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Say there is a random walk $\{S_n\}$ with $S_0=0$ and $0<p=P(S_1=1)<\frac{1}{2}$. We know such a random walk would go to $-\infty$ eventually. Define the stopping time $T=\inf\{n: S_n=-\infty\}$, how can we argue that the stopping time is finite a.s., i.e., $P(T<\infty)=1$?

I know we definitely will use $0<p=P(S_1=1)<\frac{1}{2}$, and I know for such $p$, the returning time is not finite, which is transient. How can I apply this to show the stopping time $T$ is finite a.s.? Or is there another approach to this?

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You have not told us enough to reach your conclusions.

If you are saying each independent step is $+1$ with probability $p$ and $-1$ with probability $1-p$, with $p \lt \frac12$, then $S_n \not = -\infty$ for finite $n$, since $-n \le S_n \le n$. So $\Pr(T \lt \infty)=0$.

Since $p \lt \frac12$ you could conclude that $$\lim_{n \to +\infty} S_n = -\infty$$ with probability $1$ but that is not the same thing at all.

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  • $\begingroup$ Thanks for your answer! You are right about all the assumptions that I don't mention in my question (each independent step is +1 with probability p and −1 with probability 1−p, with p<1/2) From your argument, I think maybe we cannot reach the conclusion that the stopping time is finite a.s. The reason I asked this I want to check the conditions of Optional stopping theorem, so I can use it to reach another conclusion. $\endgroup$ – Qomo Apr 25 '12 at 23:30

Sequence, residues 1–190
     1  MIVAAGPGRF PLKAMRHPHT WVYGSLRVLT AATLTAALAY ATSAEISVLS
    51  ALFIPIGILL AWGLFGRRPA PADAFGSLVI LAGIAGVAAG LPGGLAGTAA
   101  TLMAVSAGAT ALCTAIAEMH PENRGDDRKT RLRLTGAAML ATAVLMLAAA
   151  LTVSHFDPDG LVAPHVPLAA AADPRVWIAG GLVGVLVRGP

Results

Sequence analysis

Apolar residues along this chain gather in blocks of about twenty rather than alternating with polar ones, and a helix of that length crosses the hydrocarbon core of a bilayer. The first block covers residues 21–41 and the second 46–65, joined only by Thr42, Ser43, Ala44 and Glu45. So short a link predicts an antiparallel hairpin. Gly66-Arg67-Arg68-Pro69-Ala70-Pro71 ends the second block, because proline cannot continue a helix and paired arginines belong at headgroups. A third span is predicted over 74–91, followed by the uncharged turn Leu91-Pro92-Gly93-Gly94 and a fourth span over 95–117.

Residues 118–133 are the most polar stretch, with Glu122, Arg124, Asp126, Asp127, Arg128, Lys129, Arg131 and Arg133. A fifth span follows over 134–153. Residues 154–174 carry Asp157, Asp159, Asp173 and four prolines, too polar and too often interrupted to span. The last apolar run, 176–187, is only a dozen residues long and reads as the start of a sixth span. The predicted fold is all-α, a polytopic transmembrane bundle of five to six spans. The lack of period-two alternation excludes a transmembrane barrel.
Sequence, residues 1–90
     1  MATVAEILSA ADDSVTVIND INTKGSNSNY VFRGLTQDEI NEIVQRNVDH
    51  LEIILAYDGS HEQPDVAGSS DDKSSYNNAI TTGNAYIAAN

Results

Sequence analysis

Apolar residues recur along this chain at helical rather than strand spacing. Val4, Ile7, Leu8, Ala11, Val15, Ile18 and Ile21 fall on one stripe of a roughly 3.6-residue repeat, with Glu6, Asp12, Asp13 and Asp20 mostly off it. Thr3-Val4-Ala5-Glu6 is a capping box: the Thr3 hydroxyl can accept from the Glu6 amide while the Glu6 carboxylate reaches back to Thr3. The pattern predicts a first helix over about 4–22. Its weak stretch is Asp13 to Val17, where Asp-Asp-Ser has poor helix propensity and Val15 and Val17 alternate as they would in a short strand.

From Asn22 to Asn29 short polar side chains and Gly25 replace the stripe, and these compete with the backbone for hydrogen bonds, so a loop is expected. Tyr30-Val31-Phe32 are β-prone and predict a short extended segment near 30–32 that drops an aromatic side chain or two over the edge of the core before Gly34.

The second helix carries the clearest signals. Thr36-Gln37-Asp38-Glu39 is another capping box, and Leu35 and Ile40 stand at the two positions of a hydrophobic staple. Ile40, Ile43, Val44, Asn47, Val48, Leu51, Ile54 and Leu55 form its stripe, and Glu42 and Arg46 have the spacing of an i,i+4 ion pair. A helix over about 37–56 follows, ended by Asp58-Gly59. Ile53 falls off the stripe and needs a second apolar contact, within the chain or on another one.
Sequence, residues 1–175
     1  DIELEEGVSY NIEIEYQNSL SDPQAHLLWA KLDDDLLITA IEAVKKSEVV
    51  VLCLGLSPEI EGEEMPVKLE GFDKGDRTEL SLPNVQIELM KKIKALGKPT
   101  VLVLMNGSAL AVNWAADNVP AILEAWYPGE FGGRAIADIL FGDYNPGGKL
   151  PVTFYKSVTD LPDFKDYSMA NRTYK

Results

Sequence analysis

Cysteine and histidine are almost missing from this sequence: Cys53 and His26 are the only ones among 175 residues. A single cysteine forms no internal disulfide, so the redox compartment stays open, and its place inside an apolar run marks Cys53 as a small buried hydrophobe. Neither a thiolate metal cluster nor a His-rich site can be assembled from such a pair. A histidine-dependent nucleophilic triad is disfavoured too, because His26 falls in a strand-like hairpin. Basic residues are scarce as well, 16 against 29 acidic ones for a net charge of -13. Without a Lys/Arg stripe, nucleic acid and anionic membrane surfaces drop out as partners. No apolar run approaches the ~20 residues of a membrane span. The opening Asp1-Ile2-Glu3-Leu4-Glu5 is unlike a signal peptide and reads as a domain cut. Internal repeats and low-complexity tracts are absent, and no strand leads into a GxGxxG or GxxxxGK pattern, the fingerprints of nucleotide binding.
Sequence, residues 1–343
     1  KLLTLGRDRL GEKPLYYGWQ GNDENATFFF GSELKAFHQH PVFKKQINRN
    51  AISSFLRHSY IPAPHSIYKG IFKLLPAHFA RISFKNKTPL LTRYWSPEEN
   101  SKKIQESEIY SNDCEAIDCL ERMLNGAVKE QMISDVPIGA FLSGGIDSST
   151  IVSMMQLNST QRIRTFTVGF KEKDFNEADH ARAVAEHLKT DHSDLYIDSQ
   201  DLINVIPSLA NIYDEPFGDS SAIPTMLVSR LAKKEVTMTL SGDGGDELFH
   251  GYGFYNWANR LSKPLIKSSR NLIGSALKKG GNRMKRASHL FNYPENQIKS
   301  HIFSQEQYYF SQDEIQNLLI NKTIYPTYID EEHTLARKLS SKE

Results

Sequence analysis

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Considering $\:\:S_n=\sum_{j=1}^nX_j,\:\:X_j\:\text{ i.i.d},\:X_j\in\mathbb Z.$

If $\:\:\mathbb E[X_j]<0,\:$ by the strong law of large numbers : $$\lim_{n\to\infty}\frac{S_n}{n}\overset{a.s}{\longrightarrow}\mathbb E[X_j]<0\\\implies S_n\overset{n\to\infty}{\longrightarrow}-\infty.$$

Thus, $$\inf\{n: S_n=-\infty\}<\infty,$$

So that the random walk will eventually reach its stopping time.

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